are you using /var/mail?
Theodore Y. Ts'o
tytso at MIT.EDU
Thu Jan 21 13:29:34 PST 1999
From: t.sippel-dau at ic.ac.uk
Date: Wed, 20 Jan 1999 20:41:28 +0000 (gmt)
Not only that, sites with more than one machine will have a particular
machine where the mail spool is held (as long as there is only one of
them), and not all machines will have active mail spools. In that case,
it just does not matter if /var/mail (or /var/spool/mail) is a link, a
directory, a mount point, and outomount map trigger, or a character file
calling for a kernel driver to handle further procssing.
We should probably say:
o there are applications that use /var/mail and expect "the mailspool"
o there are applications that use /var/spool/mail and expect "the
o new applications should use .....
o the system manager will have to ensure both accesses are equally valid
This is absolutely the right answer. All we need to say is:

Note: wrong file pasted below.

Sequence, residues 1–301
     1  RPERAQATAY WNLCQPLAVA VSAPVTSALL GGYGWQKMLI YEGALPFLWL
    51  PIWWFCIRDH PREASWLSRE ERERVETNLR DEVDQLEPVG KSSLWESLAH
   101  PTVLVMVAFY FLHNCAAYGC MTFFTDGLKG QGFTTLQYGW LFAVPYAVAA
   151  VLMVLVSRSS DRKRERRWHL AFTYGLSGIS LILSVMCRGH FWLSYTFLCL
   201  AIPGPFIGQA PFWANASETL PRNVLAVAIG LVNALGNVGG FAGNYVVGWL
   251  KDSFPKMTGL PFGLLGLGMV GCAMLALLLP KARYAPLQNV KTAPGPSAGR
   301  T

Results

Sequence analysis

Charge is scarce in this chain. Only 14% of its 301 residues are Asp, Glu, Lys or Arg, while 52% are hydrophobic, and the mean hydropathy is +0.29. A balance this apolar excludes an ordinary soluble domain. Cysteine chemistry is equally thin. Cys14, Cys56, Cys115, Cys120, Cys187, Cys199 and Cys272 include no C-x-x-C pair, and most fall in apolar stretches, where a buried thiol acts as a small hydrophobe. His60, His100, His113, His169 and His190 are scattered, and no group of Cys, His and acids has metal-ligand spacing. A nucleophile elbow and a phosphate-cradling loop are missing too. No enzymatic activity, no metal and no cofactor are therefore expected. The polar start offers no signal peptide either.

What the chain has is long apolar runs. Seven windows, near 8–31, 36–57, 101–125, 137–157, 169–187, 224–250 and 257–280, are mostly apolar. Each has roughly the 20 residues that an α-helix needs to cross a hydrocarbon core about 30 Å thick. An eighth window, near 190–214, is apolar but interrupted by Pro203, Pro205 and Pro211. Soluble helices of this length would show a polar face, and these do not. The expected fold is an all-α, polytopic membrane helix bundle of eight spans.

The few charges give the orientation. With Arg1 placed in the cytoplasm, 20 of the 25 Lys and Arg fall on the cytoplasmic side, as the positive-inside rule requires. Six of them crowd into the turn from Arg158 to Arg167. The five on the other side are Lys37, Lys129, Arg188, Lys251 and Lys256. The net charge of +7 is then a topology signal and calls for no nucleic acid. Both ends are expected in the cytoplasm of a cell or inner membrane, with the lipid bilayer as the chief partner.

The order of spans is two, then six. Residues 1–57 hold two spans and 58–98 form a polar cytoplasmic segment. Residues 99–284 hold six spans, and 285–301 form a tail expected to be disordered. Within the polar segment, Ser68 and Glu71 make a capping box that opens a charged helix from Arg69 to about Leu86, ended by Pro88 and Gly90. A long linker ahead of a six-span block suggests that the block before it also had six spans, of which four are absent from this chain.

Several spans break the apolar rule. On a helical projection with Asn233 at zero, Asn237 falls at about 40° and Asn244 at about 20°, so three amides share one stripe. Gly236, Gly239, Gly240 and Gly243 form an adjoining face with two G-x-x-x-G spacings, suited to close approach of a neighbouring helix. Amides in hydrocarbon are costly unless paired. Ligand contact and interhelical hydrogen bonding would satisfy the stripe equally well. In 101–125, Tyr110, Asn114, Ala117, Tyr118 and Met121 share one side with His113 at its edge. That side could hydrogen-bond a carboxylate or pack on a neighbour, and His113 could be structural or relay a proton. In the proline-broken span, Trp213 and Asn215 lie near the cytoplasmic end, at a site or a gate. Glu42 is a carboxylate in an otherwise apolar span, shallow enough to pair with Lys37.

1) /var/mail shall be either the location of the directory where user's
mail is stored, or a symlink to it.
2) /var/spool/mail shall be either the location of the directory where
users' mail is stored, or a symlink to it.
3) New applications shall use /var/mail. /var/spool/mail may be
deprecated in a future release.
4) System administrator may locate this directory wherever they wish,
as long as /var/mail and /var/spool/mail are symlinks to the correct
location of this file.
The last is a bit of a truism, but hopefully this language is explicit
enough that distributions won't feel the need to move the spool
directory (and kvetch because it's hard to do this when updating a
running system), by making it very clear that there's no need to move
the directory as part of the update. All that's necessary is to make
sure that applications that reference /var/mail will work, and that new
application reference /var/mail.
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